The GOOGLE Mark Isn’t Generic–Elliott v. Google (Forbes Cross-Post)

Don't make a tombstone for Google yet

Don’t make a tombstone for Google yet

The “Google” trademark regularly ranks as one of the most valuable trademarks in the world. In 2011, Forbes estimated the trademark’s value at $44B, and a more recent estimate placed the value at $113B. Almost certainly, the “Google” trademark is Google’s single most valuable asset. Recently, Google’s opponents in a court case claimed the trademark had become “generic,” so everyone could freely use it without restriction. Fortunately for Google, the court decisively rejected the challenge, confirming that “Google” remains a valid and protectable trademark.

The Ruling

Trademarks protect a word or logo’s ability to identify the associated product’s source. When a product’s name or logo becomes associated with its class of goods, instead of one specific product in the class of goods, we say that the word or logo has become “generic” and has permanently lost all trademark protection. Over the years, many great trademarks have become generic, such as escalator, aspirin and yo-yo. (Xerox and Kleenex are two trademarks that are probably still protected but have been teetering on the cusp of genericism for years).

Google’s opponents contended that “the GOOGLE mark has become generic because a majority of the public understands the word google, when used as a verb, to mean the indiscriminate act of searching on the internet without regard to the search engine used.” The court identifies two major problems with this assertion.

First, even if consumers use a trademark as a verb to describe an action taken with competitors’ offerings, the trademark is still protectable if consumers associate the noun with one offering. In this case, even if consumers use “to Google” to describe online keyword searching generally, Google still can have a trademark if consumers associate the noun with just one search engine.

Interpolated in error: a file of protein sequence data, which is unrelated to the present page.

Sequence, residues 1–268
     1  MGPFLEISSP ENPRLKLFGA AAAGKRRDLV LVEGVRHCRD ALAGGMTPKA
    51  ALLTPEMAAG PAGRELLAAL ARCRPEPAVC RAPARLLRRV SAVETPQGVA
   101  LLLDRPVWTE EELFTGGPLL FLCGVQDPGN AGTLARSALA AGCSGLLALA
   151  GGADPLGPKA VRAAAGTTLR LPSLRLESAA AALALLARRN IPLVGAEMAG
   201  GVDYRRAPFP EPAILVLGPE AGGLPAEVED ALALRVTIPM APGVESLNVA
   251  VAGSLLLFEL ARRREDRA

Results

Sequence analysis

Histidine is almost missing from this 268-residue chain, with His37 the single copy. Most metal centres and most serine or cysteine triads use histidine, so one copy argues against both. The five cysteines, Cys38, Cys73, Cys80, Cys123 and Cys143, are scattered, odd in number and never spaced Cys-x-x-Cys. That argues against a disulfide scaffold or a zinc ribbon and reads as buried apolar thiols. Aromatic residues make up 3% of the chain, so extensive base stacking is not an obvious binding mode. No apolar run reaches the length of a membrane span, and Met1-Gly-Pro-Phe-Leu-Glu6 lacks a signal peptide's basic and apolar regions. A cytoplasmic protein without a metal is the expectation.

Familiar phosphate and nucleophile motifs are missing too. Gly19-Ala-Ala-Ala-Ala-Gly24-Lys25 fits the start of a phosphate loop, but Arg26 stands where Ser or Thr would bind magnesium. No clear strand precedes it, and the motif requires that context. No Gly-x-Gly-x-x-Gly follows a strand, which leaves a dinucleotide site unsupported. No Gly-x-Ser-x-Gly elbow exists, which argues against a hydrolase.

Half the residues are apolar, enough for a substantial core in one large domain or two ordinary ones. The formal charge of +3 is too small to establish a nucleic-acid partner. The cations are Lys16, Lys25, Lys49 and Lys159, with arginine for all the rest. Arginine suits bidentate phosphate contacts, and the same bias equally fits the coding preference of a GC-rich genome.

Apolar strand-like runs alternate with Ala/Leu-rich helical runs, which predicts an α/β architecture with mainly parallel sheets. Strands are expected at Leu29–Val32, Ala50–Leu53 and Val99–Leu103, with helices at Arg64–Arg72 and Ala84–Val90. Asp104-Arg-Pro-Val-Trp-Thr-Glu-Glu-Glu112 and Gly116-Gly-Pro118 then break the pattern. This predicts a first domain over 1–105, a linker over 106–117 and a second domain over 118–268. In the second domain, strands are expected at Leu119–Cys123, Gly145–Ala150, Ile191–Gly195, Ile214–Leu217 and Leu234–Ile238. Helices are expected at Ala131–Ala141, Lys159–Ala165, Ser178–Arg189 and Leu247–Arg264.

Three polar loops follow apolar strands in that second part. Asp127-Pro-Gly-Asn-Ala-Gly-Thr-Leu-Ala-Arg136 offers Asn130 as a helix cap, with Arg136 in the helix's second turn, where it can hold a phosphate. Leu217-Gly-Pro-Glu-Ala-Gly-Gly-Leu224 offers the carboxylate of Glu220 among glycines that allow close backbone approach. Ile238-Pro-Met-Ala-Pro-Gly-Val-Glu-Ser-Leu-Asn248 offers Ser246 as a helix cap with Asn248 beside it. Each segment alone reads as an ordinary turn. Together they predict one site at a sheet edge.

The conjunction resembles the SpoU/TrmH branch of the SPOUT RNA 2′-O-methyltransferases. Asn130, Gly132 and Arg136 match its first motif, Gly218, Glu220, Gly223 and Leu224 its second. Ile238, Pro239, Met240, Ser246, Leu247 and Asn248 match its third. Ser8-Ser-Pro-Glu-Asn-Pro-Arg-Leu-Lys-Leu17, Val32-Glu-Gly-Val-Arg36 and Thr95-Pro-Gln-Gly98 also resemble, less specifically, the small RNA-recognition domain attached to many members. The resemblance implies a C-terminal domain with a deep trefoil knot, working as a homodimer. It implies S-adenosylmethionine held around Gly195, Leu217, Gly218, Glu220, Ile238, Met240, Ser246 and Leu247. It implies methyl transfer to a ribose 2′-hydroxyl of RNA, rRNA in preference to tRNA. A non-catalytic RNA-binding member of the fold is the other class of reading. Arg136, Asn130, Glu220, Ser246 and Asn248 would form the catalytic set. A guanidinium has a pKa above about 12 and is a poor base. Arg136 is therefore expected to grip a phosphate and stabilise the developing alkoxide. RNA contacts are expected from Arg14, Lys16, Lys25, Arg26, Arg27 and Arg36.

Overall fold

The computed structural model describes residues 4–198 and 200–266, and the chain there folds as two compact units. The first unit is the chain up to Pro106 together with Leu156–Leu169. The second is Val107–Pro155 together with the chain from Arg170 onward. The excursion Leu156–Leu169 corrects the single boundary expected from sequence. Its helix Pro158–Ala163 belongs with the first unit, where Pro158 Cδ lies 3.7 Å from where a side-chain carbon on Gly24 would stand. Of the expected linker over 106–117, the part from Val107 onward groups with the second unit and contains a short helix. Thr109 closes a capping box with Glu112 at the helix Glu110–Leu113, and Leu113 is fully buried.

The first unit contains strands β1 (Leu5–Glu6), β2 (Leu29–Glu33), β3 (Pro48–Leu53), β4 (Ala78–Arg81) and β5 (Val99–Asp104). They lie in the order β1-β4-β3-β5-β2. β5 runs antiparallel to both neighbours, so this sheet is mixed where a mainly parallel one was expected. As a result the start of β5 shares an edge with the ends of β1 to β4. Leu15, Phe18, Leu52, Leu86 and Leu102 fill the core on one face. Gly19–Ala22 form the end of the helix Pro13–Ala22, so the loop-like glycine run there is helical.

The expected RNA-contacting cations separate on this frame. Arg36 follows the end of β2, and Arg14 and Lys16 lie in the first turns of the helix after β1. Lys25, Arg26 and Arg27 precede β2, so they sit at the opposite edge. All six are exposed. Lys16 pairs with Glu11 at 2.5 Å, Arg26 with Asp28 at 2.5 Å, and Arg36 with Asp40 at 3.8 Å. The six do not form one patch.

Second, the opponents’ evidence about consumers’ understanding wasn’t very good. The opponents’ lawyer did his own consumer survey, which the court completely disregards as unscientific. The lawyer also hired a survey expert, but his survey was poorly constructed and Google’s lawyers eviscerated the report in cross-examination and rebuttal. Meanwhile, Google introduced its own consumer survey showing 94% of consumers identified Google as a brand name and only 5% identified it as a common word.

The court summarizes:

The word google has four possible meanings in this case: (1) a trademark designating the Google search engine; (2) a verb referring to the act of searching on the internet using the Google search engine; (3) a verb referring to the act of searching on the internet using any search engine; and (4) a common descriptive term for search engines in general.

The courts say that even if Google’s opponents proved that a majority of consumers understand definition #3 (Google as a verb for Internet searching), Google showed 90%+ of consumers understand definition #1 (Google designates its own search engine), so the term Google still functions as a source designator. As the court concludes, the “undisputed evidence is that the consuming public overwhelmingly understands the word google to identify a particular search engine, not to describe search engines in general.”


When they first launch, many Internet entrepreneurs dream of a day when their service’s trademark becomes generic. After all, that means they’ve reached the big-time, where everyone knows the service’s name and thinks of that name first. The reality is that trademark genericide means the company loses control over the name; it can’t suppress spammers, third party developers or competitors from doing whatever they want with the name. Usually, starry-eyed entrepreneurs eventually wake up and realize that genericism of their trademark is worth fighting against. The lawyers hope that epiphany doesn’t come too late.

In contrast, Google has known for a long time that its dominating success created a risk that its trademark would become generic. Thus, Google has proactively tried to avoid that outcome, including convincing dictionary authors to treat the term “Google” as a trademark, not a generic noun or verb. Indeed, Google’s opponents asserted that Google “intimidated” dictionary authors, but to no avail.

The court’s ruling that a verb usage of a trademark doesn’t automatically undermine trademark protection helps many other companies too. The “Do You Yahoo?” campaign is an example where a trademark owner affirmatively encouraged verb usage of its trademark. By indicating that verbing doesn’t automatically trademark genericide, the court’s ruling should help other trademark owners relax a little.

Case citation: Elliott v. Google Inc., 2014 WL 4447764 (D. Ariz. Sept. 10, 2014)